History shows Maine governor benefits more from incumbency that US president

Will being incumbents help President Barack Obama when he runs next year and Maine Gov. Paul LePage, should he seek re-election in 2014?

History suggests that Obama may get less from incumbency than LePage. The governor could benefit also from a three-way race, an unlikely event on the national level.

Political wisdom is that incumbency provides the officeholder with distinct advantages when it comes to running for a new term.

But this time, polling shows that Obama could have a tough time against a Republican candidate.  LePage’s opponents point out that he won with only 38 percent of the vote and imply that makes him especially vulnerable next time around.

President Barack Obama

President Barack Obama

The recent and delicate balance between conservatives and liberals in the electorate appears to make the benefits of incumbency somewhat less reliable.  But there have been similarly deep divisions in the body politic throughout history.  Is the political advantage that is supposedly attached to the officeholder overrated?

HOW INCUMBENT GOVERNORS FARE IN MAINE

Is Gov. LePage, having been elected as a minority governor, in a particularly vulnerable position?

Gov. Paul LePage meeting residents of the Highlands

Gov. Paul LePage meeting residents of the Highlands

Through the early history of Maine, the term of office of the governor was only one year, and there was considerable turnover.  In the first 61 years, Maine had 37 governors.  One of the two longest-serving — lasting for four terms — was Joshua Chamberlain, the state’s Civil War hero.

From 1881 until 1963, Maine governors had two-year terms. The usual pattern was for the governor to serve two terms, and the governor was usually a Republican.  The pattern was broken a half-dozen times when a Democrat succeeded in breaking through, sometimes as part of a Democratic victory at the national level.

The modern era of Maine politics began with the election of Democrat Edmund S. Muskie in 1954.  A real two-party system took hold, one in which the election of a Democrat was no longer a rare event.  From that point, incumbency was increasingly put to the test.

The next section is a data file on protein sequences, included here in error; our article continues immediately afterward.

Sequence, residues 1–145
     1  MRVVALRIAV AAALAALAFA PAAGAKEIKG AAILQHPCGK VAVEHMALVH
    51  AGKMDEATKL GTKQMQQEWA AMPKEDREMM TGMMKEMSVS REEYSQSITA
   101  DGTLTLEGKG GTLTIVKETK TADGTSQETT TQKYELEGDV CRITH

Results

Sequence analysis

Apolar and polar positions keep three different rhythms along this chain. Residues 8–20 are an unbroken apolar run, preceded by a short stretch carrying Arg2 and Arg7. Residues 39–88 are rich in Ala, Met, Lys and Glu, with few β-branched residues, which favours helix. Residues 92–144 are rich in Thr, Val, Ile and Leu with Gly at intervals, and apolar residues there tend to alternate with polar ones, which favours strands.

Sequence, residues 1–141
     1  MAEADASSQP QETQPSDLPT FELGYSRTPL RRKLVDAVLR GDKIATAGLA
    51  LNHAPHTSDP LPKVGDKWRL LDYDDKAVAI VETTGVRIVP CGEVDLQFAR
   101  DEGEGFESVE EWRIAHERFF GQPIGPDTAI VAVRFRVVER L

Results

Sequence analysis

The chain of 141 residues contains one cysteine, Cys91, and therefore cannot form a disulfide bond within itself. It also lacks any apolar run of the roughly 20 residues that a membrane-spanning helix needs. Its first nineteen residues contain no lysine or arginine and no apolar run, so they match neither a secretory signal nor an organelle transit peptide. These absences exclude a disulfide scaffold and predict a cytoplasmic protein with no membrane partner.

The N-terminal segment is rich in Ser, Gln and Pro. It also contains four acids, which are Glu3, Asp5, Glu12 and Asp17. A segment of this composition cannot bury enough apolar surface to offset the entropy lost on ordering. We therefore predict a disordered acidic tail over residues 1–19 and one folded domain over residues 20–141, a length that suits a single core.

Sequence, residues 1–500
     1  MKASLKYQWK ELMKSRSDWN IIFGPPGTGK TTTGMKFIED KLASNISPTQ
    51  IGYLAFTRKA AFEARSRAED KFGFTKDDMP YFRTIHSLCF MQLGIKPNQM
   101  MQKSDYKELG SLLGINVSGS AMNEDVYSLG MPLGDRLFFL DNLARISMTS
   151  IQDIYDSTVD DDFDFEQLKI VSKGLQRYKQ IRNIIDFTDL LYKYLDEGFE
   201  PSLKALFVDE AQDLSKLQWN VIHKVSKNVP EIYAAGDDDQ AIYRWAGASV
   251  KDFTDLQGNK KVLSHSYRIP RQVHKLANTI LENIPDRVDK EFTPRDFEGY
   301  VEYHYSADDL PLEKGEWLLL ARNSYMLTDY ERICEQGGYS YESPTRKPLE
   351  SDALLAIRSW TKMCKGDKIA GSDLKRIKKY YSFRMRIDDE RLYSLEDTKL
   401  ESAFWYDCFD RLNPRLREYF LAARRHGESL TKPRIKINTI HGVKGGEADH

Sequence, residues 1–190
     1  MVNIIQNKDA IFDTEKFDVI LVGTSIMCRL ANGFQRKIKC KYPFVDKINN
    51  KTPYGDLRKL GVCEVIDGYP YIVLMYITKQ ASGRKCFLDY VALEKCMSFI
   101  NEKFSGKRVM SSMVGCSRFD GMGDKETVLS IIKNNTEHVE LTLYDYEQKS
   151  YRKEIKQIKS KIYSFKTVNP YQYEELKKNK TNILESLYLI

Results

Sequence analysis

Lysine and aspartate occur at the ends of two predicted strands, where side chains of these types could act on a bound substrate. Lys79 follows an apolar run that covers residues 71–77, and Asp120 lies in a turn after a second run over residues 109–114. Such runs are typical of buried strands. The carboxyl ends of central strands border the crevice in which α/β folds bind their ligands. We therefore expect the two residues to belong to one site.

Republican John H. Reed, the first governor to have a four-year term, was defeated in 1966 when he sought re-election.

LePage is the seventh governor to serve since Reed, and five have been re-elected.  The only exception among his six predecessors was independent James Longley, who had pledged to serve only one term.

Maine governors may serve no more than two consecutive four-year terms.  In 1990, Democrat Joseph E. Brennan tried to make a comeback after a gap following two earlier terms, but failed by a narrow margin.

Recent history shows just how difficult it is to unseat a governor.

Security for incumbents results from the ability to gain election simply by having more votes than any other candidate – even if they fall far short of getting a majority. In only four of the 12 elections from 1966 through 2010 have candidates have been elected with a majority of the votes. Three of these were re-election campaigns.

Incumbents have a better chance of being re-elected when there are more than two candidates in the race.  In every election for governor from 1986 until 2010, there have been three or four candidates.

If an independent runs in 2014, LePage should be helped.  Incumbency, a multi-candidate race and the lack of need for a majority should work in his favor, just as it did for Democratic Gov. John E. Baldacci in 2006, who won re-election with 38 percent of the vote.

ARE PRESIDENTS ASSURED OF RE-ELECTION?

Obama faces what could turn out to be a tough campaign.  Will he benefit from being the incumbent?

In American history, there have been 56 elections for president.  In 27 of them, incumbents have sought re-election.  Most succeeded – some 18 retained the office – but 9 failed. In some of the races where an incumbent did not seek reelection, their party had dropped them because it seemed clear they could not win.

That means that more than one-third of the time, the incumbent president lost.  Given the ability of the president to favor his supporters and to use his “bully pulpit,” as President Theodore Roosevelt called it, the failure of so many to gain a second term is somewhat surprising.

The two most recent occasions when an incumbent was not re-elected were three-candidate races – the reverse of the Maine pattern. The losers were Democrat Jimmy Carter in 1980 and Republican George H.W. Bush in 1992.

In 2012, there is no sign of a third candidate.  The threat to Obama appears now to come mainly from independent voters – who were key to his 2008 election – simply deciding to stay home and not vote.  It is likely that independents, who get few political rewards, are less influenced by incumbency than are party faithful.

 

Gordon L. Weil is a contributing writer at the Maine Center for Public Interest Reporting (pinetreewatchdog.org. The purpose of The Facts is, he says, “to inform people to enhance their desire and ability to participate in public affairs.”  He is an author, publisher, consultant and newspaper columnist.  He was formerly active in the Democratic Party, heading three Maine state agencies under Gov. Joseph Brennan and serving as a top aide to Sen. George McGovern, the 1972 Democratic nominee for president.   He was Maine’s first Public Advocate with the job of protecting the consumer interest in utility regulation.  He is the author or editor of 15 books including “Blackout: How the Electric Industry Exploits America.” Weil was also a correspondent for the Washington Post, Newsweek and Paris Herald-Tribune and a long-time columnist for the Financial Times. He is a former Harpswell selectman. He may be contacted atWeil.Gordon@gmail.com.

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